Ratings agency Moody's has joined a growing group of critics of the proposed 3% capital buffer for constant net asset value money market funds.
Last week, the European Commission published proposals aimed to reduce the systemic risk posed by money market funds that hold nearly €1 trillion in investor assets.
Although these measures would make money market funds more creditworthy, Moody’s says the move would reduce constant net asset value funds’ attractiveness and cause investors to move their money to other products.
While the capital buffer serves as first-loss protection for MMF investors, Moody’s says asset managers will incur capital costs, further challenging a business that currently earns less than 10 basis points on managed assets.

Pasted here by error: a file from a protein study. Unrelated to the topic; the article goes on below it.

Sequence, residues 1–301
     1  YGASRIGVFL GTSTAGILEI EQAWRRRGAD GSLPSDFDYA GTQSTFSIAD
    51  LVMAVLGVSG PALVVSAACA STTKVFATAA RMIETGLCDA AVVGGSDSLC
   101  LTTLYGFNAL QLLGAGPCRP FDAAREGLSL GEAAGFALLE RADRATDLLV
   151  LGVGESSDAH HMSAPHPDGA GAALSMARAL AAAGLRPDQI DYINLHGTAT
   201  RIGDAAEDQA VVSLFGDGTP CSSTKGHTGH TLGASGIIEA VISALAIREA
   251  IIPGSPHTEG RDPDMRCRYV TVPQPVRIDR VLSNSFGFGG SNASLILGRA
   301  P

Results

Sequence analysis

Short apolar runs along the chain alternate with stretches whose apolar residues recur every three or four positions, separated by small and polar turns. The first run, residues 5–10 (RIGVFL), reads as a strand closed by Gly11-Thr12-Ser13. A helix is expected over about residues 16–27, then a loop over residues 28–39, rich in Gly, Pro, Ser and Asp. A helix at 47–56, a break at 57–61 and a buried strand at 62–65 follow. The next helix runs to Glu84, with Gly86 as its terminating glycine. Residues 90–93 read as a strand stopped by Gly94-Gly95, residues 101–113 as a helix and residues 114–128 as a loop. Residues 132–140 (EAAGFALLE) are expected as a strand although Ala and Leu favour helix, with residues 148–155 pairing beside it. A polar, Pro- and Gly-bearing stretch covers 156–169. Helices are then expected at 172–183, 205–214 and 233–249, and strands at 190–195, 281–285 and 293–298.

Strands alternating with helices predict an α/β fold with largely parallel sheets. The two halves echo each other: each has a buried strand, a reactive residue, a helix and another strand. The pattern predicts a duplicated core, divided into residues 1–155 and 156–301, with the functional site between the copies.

To earn a sufficient rate of return on capital and continue to offer constant net asset value money market funds, fees would have to increase by at least 30 basis points.
Since the proposal was released, ICI Global, a trade body for investment funds, has criticised the 3% capital requirement as economically unfeasible, operationally complex, and impracticable.
The Irish Funds Industry Association, meanwhile, has called for an alignment between EU and US policies.
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